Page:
In the movie, The Money Pit, Tom Hanks ends up throwing his life savings, not to mention his sanity, into renovating his home.
Maintaining your house can be costly if you buy a home with years of deferred maintenance. The problem is, most first-time home buyers don’t even think about how expensive a house will be to maintain before they purchase it. Lack of planning can mean an expensive bill just when you’re getting used to making your first mortgage payment.
While it’s relatively easy to calculate the cost of owning your home, it’s more difficult to identify how costly it will be to maintain your new home. That’s because maintenance costs vary, that is, they change from season to season and year to year. Your fixed costs are the principal and interest you’ll pay on your mortgage, your real estate taxes, and your homeowner’s insurance premium, known as PITI in the real estate industry.
Here’s a quick look at the basic expenses you’ll face when you own and maintain your home:
- Monthly mortgage payments of principal and interest, unless you have an interest-only loan or if you are on a bi-weekly mortgage program.
- Real estate taxes, paid annually or installments. You might also pay 1/12 of your tax bill each month along with your monthly mortgage payments if your taxes are held in escrow by your lender.
- Basic homeowner’s insurance, paid monthly with your mortgage (if you escrow your insurance and taxes) or paid annually.
- Homeowner’s (or condo, or co-op) association assessments.
- Utilities, including electricity, gas, cable, satellite, online, wireless, etc.
- Trash and garbage collection, including recycling as required by your local municipality.
- Water and sewage, which may be billed separately or together.
- Ongoing maintenance, which could include window-washing, changing filters in your air conditioning units, cleaning your furnace, clearing your gutters, chimney sweeping, lawn and yard work, snow removal, blacktopping your driveway, resealing your windows, replacing caulk in the bathrooms, and changing light bulbs.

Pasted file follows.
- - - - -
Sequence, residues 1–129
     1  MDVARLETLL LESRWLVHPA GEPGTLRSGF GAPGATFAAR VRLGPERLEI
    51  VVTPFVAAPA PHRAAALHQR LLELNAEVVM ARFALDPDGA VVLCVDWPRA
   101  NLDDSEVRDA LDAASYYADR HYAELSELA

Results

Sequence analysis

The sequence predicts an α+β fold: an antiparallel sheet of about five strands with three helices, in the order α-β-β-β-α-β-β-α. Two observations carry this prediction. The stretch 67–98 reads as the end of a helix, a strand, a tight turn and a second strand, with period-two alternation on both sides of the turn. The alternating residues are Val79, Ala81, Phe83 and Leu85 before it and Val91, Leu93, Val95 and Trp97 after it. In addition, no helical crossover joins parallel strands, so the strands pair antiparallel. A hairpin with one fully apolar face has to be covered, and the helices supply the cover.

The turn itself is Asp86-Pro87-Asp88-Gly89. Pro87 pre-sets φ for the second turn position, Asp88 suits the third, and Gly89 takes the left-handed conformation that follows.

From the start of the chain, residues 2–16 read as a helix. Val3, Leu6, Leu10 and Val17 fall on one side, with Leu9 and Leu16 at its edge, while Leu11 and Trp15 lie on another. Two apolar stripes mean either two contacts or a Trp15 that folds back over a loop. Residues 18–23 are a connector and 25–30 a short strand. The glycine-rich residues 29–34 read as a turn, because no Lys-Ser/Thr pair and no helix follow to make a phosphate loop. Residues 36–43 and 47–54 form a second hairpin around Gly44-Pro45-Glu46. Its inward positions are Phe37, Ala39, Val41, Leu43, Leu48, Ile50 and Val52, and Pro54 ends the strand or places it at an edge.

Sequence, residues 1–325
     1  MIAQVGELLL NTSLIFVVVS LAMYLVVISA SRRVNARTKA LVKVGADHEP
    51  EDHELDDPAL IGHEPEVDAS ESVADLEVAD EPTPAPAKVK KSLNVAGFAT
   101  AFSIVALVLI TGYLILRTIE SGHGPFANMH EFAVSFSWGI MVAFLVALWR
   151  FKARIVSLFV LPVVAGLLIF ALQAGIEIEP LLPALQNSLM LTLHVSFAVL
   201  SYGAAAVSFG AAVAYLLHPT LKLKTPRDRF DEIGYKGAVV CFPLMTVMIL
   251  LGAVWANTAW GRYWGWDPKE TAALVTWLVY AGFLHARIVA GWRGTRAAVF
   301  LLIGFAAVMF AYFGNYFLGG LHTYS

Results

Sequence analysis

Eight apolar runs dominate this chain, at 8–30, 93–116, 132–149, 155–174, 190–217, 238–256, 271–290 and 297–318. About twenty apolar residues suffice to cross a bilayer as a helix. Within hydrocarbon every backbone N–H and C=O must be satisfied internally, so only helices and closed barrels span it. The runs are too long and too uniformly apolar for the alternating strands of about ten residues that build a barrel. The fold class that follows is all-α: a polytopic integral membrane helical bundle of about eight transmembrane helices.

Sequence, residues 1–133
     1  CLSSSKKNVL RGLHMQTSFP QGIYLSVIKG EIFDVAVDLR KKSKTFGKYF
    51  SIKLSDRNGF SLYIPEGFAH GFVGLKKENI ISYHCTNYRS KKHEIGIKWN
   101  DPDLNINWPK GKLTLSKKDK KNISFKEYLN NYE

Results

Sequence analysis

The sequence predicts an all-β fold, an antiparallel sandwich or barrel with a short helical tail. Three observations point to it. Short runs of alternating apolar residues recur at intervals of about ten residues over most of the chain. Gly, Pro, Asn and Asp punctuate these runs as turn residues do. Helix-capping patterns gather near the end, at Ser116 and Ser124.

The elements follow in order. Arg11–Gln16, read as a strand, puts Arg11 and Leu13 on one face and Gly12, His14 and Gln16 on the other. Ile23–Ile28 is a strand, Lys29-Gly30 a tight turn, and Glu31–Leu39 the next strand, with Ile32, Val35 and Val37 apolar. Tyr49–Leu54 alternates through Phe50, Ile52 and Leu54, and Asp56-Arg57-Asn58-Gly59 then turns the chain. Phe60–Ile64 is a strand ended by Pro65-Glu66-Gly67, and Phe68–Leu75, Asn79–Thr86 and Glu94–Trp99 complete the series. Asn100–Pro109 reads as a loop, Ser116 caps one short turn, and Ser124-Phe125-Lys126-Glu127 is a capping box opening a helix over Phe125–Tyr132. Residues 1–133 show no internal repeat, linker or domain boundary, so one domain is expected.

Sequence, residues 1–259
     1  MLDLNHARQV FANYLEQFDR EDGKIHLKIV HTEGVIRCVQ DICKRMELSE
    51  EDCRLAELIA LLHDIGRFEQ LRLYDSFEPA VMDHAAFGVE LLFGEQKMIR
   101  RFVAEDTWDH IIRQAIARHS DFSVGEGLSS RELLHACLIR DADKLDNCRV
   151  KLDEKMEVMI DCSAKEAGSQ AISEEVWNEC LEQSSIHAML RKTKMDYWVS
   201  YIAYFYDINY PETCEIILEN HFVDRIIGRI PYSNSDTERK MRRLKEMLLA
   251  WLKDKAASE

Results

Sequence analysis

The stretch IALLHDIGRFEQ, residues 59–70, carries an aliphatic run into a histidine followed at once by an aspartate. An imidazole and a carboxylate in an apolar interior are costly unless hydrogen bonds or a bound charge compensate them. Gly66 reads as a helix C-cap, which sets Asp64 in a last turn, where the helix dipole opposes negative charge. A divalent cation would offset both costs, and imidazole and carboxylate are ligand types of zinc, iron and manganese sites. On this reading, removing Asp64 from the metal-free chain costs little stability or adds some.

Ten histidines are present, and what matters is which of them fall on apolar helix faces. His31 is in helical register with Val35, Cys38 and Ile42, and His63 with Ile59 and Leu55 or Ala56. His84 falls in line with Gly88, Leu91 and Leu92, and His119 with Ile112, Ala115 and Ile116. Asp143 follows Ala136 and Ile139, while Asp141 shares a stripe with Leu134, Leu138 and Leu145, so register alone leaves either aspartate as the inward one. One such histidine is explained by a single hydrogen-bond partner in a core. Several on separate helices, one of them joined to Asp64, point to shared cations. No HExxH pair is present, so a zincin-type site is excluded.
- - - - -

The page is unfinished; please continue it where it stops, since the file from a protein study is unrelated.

- Occasional maintenance, including repainting the interior and exterior of your home, replacing roof shingles or the entire roof as needed, replacing carpeting or flooring, replacing appliances and other items that break, tuck-pointing brick siding, and refinishing hardwood floors.
This work doesn’t need to be done often, but will be costly when you do schedule the work.
How do you estimate how much it costs to maintain a home? The best thing to do is to start asking questions. Ask homeowners you know how much it costs them to maintain their property. How do they spend their maintenance dollars?
You might also want to hire a professional home inspector to walk through the home after your offer is accepted.
A good home inspector will spend anywhere from 90 minutes to 4 hours, depending on the size and complexity of the home, to test everything from appliances, to electrical to water pressure, as well as look for mold, gas leaks and other maintenance issues. Be sure to take a notebook and pen with you so that you can jot down important information about the structural or mechanical systems in your home.
The inspector might be able to give you a ballpark figure on what routine maintenance will cost for that particular house, as well as an estimation of the useful life left in certain mechanical systems, like the furnace or hot water heater.
Before you close on your property, ask the owner to share a list of things he or she does to maintain the property on a regular basis. You might also ask if there are any preventive maintenance chores that can be done to make sure the house continues to work well.
Maintaining your property can cost as little as a few hundred dollars a year (for a home that’s in pristine physical condition) or thousands of dollars a year for a home that has years of deferred maintenance.
If you keep your home in great shape, youâ€™ll pay a whole lot less to maintain it over the years. Thatâ€™s because small, cheap problems have a way of growing into big, very expensive problems if not taken care of quickly.
May 28, 2004.